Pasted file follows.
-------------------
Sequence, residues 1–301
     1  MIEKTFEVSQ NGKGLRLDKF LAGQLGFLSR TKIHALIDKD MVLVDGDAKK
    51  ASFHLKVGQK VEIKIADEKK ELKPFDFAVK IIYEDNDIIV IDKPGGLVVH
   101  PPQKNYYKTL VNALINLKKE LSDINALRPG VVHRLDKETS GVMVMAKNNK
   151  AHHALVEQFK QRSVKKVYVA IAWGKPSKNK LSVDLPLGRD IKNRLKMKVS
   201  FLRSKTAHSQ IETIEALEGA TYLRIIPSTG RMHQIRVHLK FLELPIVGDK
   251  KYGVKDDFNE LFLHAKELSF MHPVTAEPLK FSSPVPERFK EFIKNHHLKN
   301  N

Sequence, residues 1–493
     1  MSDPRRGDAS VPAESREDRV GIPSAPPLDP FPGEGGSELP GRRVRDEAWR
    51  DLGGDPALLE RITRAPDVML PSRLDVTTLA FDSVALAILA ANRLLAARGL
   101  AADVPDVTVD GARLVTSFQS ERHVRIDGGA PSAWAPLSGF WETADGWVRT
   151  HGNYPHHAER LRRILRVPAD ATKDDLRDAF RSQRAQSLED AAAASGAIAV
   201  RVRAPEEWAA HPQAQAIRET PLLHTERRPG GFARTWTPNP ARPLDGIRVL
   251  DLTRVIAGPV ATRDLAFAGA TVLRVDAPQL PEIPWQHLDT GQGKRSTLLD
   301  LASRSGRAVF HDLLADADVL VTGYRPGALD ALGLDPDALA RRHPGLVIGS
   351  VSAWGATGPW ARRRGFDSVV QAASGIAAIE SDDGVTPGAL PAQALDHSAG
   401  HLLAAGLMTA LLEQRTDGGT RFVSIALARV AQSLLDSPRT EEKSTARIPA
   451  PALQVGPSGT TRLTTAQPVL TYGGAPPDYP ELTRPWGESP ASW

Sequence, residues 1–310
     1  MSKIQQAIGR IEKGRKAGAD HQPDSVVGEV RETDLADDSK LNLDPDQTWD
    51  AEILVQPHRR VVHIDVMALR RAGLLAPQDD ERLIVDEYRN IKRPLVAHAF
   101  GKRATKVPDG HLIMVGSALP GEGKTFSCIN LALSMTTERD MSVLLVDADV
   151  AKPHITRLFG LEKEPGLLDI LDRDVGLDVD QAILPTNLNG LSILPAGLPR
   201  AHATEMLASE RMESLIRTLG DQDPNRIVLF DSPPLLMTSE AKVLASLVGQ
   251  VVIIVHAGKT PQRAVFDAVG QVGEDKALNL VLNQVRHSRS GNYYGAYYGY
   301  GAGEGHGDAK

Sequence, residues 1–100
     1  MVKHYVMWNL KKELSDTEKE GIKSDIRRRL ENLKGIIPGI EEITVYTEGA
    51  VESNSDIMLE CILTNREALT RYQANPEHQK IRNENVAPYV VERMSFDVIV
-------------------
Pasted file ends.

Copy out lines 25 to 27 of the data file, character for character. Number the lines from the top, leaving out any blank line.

   201  AHATEMLASE RMESLIRTLG DQDPNRIVLF DSPPLLMTSE AKVLASLVGQ
   251  VVIIVHAGKT PQRAVFDAVG QVGEDKALNL VLNQVRHSRS GNYYGAYYGY
   301  GAGEGHGDAK